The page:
COMMON NAME: Saint John’s Wort
SPECIES: H. calycinum, H. bookerianum, H. patulum
DESCRIPTION: Saint John’s wort is a low-growing, partly woody perennial that produces bright yellow flowers from early summer until frost. The flowers, which measure 1 1/2 to 2 inches across, occur in groups of five to seven. The plant reaches a height of 40 to 60 inches, though dwarf varieties that grow only 18 to 24 inches tall are available. Light green leaves have a silver lining.
CULTIVATION: A hardy plant, Saint Jon’s wort thrives in poor soil and full sun or light shade. The top of the plant might be killed back in severe winter weather but this does not seem to affect its performance since the blossoms appear on new spring growth.
Sun and light are images often associated with Saint John’s wort. The genus was thought to have been named for the Greek Titan Hyperion, father of Helios, god of the sun. According to Teutonic mythology, this plant was dedicated to the sun god, Baldur. It was called the herb of destiny and was thought to be marked by the sun. Small, translucent, sunlike circles appear on the leaves and flowers. The species name perforatum refers to these circles. H. perforatum is a European species widely naturalized in North America.
The history of this plant includes many mystical happenings. As part of certain pagan rituals, it was burned on Midsummer’s Eve to honor the sun and placate the good fairies. On the Isle of Wight it was believed that if you stepped on Saint John’s wort after dark, a phantom horse would sweep you up and carry you on a wild ride, lasting until dawn. Saint John’s wort was also called demon chaser.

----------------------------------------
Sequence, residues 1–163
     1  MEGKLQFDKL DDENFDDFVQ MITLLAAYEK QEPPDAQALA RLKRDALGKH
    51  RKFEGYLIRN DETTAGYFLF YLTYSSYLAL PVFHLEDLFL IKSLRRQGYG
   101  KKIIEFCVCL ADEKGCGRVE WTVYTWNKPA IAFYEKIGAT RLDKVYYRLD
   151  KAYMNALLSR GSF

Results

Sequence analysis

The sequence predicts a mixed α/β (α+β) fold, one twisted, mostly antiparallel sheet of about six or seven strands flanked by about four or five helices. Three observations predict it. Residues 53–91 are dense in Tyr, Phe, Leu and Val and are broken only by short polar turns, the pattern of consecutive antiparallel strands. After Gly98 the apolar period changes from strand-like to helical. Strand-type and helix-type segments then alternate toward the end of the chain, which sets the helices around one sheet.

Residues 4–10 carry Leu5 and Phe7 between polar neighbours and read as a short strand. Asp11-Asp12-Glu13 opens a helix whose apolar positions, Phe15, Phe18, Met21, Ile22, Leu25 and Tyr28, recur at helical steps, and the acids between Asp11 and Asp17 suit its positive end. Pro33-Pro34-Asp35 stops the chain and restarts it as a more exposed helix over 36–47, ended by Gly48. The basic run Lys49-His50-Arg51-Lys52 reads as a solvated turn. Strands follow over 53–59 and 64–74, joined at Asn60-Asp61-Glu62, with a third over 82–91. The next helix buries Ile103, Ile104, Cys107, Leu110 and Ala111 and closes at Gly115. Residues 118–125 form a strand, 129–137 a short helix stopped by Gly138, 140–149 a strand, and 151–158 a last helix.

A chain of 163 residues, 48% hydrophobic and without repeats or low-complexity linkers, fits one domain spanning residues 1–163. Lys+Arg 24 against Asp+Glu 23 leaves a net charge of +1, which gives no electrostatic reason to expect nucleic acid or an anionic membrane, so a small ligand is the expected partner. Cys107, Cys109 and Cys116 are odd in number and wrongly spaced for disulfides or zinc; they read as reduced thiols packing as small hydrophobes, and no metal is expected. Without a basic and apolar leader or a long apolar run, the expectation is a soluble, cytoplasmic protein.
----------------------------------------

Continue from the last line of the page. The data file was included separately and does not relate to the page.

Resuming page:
Early Christians opposed heathen rituals and tried to put an end to many of these pagan celebrations. Because John the Baptist was born on Midsummer Day, they changed the name of this plant to Saint John’s wort and said that Saint John had blessed it with many healing powers. The ancient Feast of Fires was changed to the Feast of Saint John, celebrated on June 24.
This plant was grown in monastery gardens during medieval times because of its value in healing wounds and treating inflammation of the lungs and throat. In Brazil, this plant was used as an antidote for snakebites. In Russian, it was considered protection against hydrophobia. An early twentieth-century herbal suggests that a concoction made from this plant was good for coughs and colds. According to the doctrine of signatures, the translucent holes in the leaves indicated that the plant would be useful in healing holes or cuts in the body.
Saint John’s wort was brought to America by Rosicrucians, members of a mystical religious sect from Germany who arrived on American shores on Midsummer’s Eve day.
The Pennsylvania Dutch called it “blessed herb” and considered it protection for newborn children, saying that a sprig over the doorway would banish the evil eye.